I will probably just take it off. No rebuild kit for those but am thinking with a 3D printer parts cold be made , not sure. I really do not need or want a front motor for the Giant. As long as it comes with a true 45 amp controller a front motor would make no sense.

I already have two on / off road ebikes. The full suspension with the dual motors mentioned and an ebike with a 750 watt rear gear reduction chain with a 350W front Bafang geared hub. Both have 36V controllers and am running 13S - 43V LIFEPO4.

The reason for the 1,500W 700c is hopefully it will cruise for miles at 35 mph and not get too hot. Hopefully. Also I want a lighter e bike to ride with a 1,500W kit.

The full suspension is a very heavy ebike. Especially with 50 pounds of LTO. With 25 pounds of LIFEPO4 the Giant is probably 1/2 the weight as the 27.5" full suspension. The Aluminum Giant is probably 1//2 the weight of the full suspension steel frame.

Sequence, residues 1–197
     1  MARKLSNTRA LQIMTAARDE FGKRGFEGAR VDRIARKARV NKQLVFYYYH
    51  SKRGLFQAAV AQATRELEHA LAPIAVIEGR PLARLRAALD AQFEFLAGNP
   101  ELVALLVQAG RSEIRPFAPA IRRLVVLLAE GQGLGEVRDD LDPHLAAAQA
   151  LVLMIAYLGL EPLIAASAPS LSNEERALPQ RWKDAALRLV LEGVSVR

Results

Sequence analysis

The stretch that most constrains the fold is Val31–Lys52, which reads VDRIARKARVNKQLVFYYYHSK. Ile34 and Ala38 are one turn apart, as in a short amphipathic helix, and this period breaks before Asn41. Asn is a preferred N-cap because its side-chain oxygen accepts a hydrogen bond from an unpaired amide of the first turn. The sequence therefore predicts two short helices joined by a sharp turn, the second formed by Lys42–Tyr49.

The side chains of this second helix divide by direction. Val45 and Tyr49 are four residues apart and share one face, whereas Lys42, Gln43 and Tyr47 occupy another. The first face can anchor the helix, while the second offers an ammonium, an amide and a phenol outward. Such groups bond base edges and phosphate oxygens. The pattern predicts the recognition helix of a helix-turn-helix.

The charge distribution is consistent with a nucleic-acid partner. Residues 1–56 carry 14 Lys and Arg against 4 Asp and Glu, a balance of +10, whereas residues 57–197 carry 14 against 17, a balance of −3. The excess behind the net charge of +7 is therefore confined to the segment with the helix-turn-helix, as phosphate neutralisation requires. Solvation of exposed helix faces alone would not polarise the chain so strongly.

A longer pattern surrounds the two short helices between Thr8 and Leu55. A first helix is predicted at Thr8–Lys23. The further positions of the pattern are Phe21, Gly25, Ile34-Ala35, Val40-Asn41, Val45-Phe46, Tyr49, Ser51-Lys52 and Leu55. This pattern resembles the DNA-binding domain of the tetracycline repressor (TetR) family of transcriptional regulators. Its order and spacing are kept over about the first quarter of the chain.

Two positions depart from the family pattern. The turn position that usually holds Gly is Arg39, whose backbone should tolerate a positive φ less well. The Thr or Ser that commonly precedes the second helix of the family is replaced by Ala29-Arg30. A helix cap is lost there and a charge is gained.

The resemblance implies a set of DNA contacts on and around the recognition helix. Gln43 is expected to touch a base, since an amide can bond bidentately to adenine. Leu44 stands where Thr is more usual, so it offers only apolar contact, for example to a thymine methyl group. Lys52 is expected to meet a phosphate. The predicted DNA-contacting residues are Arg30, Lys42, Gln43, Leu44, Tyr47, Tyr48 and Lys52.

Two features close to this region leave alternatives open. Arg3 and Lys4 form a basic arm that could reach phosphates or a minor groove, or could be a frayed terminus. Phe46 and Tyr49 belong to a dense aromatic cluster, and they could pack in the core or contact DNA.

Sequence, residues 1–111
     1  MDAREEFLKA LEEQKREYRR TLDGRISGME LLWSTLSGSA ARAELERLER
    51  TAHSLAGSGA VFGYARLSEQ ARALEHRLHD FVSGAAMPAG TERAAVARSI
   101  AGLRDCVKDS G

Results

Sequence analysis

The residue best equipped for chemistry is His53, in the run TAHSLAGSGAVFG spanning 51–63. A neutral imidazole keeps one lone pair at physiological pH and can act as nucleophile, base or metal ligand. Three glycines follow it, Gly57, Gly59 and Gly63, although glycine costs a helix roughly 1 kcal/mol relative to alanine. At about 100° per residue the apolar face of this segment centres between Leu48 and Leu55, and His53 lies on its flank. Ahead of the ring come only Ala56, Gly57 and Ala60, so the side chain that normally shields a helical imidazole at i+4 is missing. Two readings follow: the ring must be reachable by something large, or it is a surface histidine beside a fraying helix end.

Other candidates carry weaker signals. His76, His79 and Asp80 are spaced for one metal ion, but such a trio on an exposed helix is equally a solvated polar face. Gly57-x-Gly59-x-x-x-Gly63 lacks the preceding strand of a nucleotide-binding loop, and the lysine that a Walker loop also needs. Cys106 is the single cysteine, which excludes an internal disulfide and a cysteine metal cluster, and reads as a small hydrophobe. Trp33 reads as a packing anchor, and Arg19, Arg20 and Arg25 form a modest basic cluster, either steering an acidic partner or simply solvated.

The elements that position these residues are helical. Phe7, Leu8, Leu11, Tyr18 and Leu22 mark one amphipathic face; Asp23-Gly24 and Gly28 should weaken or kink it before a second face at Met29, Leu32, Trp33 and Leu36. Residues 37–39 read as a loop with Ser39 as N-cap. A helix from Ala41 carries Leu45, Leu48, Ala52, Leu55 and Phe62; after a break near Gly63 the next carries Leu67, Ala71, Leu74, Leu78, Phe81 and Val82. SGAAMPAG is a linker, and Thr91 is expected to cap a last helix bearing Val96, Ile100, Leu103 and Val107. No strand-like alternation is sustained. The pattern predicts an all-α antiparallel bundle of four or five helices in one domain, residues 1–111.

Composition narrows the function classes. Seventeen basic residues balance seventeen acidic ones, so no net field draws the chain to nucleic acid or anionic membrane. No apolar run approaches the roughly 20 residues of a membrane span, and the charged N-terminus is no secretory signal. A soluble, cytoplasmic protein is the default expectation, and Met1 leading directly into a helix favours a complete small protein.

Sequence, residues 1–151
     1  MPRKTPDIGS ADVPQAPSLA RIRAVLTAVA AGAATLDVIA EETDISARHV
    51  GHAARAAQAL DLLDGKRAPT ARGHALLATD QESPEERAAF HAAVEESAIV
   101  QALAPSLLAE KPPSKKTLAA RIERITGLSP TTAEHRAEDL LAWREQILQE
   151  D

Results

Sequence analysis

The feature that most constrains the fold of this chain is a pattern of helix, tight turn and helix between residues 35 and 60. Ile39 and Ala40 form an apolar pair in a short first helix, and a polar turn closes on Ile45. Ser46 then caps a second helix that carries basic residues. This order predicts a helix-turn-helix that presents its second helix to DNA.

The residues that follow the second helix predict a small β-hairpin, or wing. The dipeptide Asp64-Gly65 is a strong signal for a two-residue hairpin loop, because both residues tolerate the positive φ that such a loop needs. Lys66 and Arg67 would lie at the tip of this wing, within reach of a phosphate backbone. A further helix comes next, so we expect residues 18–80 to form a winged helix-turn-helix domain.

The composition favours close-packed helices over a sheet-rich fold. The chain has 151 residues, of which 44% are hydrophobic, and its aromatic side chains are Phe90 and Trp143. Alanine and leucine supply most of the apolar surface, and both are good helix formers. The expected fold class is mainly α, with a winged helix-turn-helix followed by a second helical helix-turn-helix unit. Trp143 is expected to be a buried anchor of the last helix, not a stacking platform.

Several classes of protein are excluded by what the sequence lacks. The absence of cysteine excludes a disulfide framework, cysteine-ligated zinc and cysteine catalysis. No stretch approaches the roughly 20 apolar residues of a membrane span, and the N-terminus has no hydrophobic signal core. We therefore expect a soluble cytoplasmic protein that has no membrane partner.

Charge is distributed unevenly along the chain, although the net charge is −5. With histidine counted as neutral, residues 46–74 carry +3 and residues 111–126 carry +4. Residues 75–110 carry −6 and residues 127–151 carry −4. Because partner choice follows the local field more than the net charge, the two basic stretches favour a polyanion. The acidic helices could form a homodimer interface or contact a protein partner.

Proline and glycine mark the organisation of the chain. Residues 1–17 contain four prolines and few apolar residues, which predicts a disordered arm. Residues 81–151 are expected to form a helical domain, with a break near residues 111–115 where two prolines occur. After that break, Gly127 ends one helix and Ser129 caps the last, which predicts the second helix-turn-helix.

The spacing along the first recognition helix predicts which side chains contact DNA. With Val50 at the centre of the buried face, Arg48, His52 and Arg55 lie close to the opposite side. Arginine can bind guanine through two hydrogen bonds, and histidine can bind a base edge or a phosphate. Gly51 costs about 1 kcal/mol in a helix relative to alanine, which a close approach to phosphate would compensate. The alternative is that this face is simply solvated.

Here is a youtube video of a similar build. A Giant Roam close to what I have but mine is black.


First Test Ride on 1500w DIY Ebikeling Ebike - 40 mph E-Bike​


Thanks.

Skyler.
 
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My best bet is when running the hub kit. If it is advertised to go 35 mph and does not maybe the controller is a cheap guy.
Well they can advertise that but the smart intelligent prospective buyer will realize that is kind of a bogus claim anyways because it does not factor in aerodynamic drag and other losses (low-pressure large knobby fat tires?). IOW, (this is just a theoretical example) that kit on a skinny tire faired recumbent might reach 38 mph but on a fat tire highboy might only reach 32 mph.

How could they cover themselves for end user conditions beyond their control?

So your bike we are discussing, is it the one with the large frontal area (lots of drag)? Could that be the reason?

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Well they can advertise that but the smart intelligent prospective buyer will realize that is kind of a bogus claim anyways because it does not factor in aerodynamic drag and other losses (low-pressure large knobby fat tires?). IOW, (this is just a theoretical example) that kit on a skinny tire faired recumbent might reach 38 mph but on a fat tire highboy might only reach 32 mph.

How could they cover themselves for end user conditions beyond their control?